Posted on: December 10, 2012

Globalization Leads to New International Direction for U.S. Education

Globalization Leads to New International Direction for U.S. Education

Following the growing trend toward globalizing education, last month, the U.S. Department of Education published a new international education strategy for 2012-2016.

This strategy comes on the heels of the second International Summit on the Teaching Profession held on March 14-15, 2012 in New York and the 13th annual International Education Week,November 12-16, 2012.

The goal of the 2012 Summit was to explore three specific topics: 1) developing school leaders; 2) preparing teachers for the delivery of 21st century skills; and 3) preparing teachers to work and succeed where they are most needed.The U.S. Department of Education, Organisation for Economic Cooperation and Development (OECD) and Education International (EI), the global federation of teacher unions, together with U.S.-based organizations—the American Federation of Teachers (AFT), Asia Society, the Council of Chief State School Officers(CCSSO), the National Education Association (NEA), and public broadcaster WNET as well as the National Board for Professional Teaching Standards (NBPTS) participated in the summit.

“We must focus on integrating international perspectives into our classrooms. It is through education and exchange that we become better collaborators, competitors and compassionate neighbors in this global society,” said U.S. Secretary of Education Arne Duncan.

The goals of the new strategy are to strengthen U.S. education and advance U.S. international priorities through integrated and coordinated activities and programs. This will enable the U.S. to increase global competencies, learn from other countries and engage in education diplomacy.

Why an international focus?
Since globalization and international exchange are no longer faint ideas but our reality, educators in the United States are pushing for a more international focus within education.“Our hyper-connected world also requires the ability to think critically and creatively to solve complex problems, the skills and disposition to engage globally, well-honed communication skills, and advanced mathematics, science and technical skills.” The Department of Education lists four main reasons as motivation for the implementation of this new strategy.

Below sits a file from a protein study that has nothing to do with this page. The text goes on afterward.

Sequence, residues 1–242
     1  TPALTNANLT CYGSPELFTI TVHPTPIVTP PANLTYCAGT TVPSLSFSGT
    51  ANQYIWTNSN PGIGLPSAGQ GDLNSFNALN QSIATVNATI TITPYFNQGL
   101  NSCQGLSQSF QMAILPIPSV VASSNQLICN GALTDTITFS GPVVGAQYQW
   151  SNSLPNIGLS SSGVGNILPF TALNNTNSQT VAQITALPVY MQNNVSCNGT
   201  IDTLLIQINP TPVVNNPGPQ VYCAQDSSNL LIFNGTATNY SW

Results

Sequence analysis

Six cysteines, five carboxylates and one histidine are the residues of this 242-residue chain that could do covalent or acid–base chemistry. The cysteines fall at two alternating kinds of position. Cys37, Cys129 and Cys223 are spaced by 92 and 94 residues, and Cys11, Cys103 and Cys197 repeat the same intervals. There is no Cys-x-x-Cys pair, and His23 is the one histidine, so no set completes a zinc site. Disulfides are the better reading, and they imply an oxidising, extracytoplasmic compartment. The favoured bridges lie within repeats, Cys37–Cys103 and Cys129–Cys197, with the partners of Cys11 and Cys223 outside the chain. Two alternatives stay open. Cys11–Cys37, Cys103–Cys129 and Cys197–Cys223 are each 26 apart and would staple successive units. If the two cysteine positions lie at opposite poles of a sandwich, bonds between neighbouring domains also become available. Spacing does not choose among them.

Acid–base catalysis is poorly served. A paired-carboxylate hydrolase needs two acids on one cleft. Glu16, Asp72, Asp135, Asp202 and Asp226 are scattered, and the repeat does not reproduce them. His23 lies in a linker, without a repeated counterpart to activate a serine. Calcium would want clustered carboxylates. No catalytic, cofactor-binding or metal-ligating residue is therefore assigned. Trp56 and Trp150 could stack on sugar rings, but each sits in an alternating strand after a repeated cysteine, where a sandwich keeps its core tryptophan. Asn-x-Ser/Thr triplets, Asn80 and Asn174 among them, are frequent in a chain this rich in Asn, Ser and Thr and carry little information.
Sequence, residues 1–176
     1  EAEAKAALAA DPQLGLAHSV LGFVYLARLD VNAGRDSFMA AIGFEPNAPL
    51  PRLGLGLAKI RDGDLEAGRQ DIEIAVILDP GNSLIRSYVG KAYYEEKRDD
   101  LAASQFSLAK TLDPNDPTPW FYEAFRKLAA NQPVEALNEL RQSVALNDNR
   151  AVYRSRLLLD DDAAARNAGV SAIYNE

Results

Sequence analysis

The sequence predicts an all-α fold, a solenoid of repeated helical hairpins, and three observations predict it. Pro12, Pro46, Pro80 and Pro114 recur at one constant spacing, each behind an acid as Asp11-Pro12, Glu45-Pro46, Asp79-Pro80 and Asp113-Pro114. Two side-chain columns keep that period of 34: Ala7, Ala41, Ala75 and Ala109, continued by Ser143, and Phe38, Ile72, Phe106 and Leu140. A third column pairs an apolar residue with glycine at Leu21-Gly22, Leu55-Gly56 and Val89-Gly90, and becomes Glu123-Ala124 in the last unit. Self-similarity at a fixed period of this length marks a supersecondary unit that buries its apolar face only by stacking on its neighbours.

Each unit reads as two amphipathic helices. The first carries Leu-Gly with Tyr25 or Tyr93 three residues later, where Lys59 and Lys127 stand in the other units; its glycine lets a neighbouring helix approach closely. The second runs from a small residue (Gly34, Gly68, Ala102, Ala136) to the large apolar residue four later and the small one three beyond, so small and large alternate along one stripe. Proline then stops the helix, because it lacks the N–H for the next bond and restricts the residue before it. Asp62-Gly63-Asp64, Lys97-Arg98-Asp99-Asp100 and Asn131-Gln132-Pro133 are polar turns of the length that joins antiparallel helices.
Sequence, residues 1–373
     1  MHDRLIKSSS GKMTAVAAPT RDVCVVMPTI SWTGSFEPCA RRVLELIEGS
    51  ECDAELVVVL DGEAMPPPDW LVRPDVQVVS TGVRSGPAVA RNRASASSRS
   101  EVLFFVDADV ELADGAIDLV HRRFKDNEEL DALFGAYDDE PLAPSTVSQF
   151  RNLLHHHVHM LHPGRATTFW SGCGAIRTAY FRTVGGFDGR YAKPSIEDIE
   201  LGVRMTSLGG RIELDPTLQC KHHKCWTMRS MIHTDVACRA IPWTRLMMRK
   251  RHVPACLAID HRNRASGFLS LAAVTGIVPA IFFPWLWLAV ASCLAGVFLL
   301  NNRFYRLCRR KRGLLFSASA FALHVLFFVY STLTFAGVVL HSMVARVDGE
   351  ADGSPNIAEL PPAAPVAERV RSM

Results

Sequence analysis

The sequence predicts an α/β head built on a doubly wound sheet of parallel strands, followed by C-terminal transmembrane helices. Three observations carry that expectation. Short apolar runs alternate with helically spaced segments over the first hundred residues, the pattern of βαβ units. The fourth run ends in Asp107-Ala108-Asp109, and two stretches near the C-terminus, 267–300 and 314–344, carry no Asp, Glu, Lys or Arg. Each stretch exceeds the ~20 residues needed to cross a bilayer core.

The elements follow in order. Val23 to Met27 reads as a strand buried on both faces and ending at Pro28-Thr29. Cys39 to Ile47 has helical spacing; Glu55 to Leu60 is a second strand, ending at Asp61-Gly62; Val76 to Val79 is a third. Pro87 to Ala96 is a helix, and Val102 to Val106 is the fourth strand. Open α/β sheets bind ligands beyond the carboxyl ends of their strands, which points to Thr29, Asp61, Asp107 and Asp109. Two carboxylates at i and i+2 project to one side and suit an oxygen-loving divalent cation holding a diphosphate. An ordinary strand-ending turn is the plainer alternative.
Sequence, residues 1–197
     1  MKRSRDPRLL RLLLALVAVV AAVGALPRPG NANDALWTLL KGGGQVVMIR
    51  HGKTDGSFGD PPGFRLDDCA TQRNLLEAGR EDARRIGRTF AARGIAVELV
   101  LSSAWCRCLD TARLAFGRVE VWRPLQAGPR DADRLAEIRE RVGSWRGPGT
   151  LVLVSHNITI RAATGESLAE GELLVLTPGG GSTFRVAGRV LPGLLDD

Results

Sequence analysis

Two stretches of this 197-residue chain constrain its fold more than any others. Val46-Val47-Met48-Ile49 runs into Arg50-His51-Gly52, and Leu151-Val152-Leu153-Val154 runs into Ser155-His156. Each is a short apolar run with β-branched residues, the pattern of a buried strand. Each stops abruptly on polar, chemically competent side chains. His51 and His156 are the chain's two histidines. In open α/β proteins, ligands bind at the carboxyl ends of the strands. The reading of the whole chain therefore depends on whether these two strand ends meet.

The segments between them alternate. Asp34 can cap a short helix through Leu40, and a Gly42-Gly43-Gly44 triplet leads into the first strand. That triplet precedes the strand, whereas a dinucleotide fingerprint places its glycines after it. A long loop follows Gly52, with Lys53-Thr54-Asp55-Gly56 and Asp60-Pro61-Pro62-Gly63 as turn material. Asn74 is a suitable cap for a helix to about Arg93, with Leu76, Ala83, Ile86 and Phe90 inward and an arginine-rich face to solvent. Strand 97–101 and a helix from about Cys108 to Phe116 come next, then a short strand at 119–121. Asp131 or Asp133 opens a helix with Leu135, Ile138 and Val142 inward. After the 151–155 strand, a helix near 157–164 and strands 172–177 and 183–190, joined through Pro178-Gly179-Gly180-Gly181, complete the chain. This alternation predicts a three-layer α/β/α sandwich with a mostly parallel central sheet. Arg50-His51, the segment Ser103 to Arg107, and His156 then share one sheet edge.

1. Economic competitiveness and jobs – since current students will be competing for jobs with their peers worldwide, it is essential that they are prepared with the skills to thrive in this new global marketplace.
  2. Global challenges – many issues, phenomena and catastrophes permeate international borders, such as climate change, the spread of disease and financial crises. Students need to be able to collaborate with their peers internationally to come up with solutions to these challenges.
  3. National Security and diplomacy – knowledge of other cultures and languages is critical not only to international communication, also but for national security, diplomacy and policy-making.
  4. A diverse U.S. society – as a multicultural society with over 50 million immigrants living in the U.S. in 2010, it is important for U.S. students to learn about other cultures to assist civil discourse and a form a cohesive society.

“Ultimately, the economic future of the United States rests not only on its ability to strengthen our education system but also on citizens in other nations raising their living standards. Thinking of the future as a contest among nations vying for larger pieces of a finite economic pie is a recipe for protectionism and global strife. Expanding educational attainment everywhere is the best way to grow the pie for all,” summed up U.S. Secretary of Education Arne Duncan.

Based on information from Succeeding Globally Through International Education and Engagement. U.S. Department of Education International Strategy 2012-16.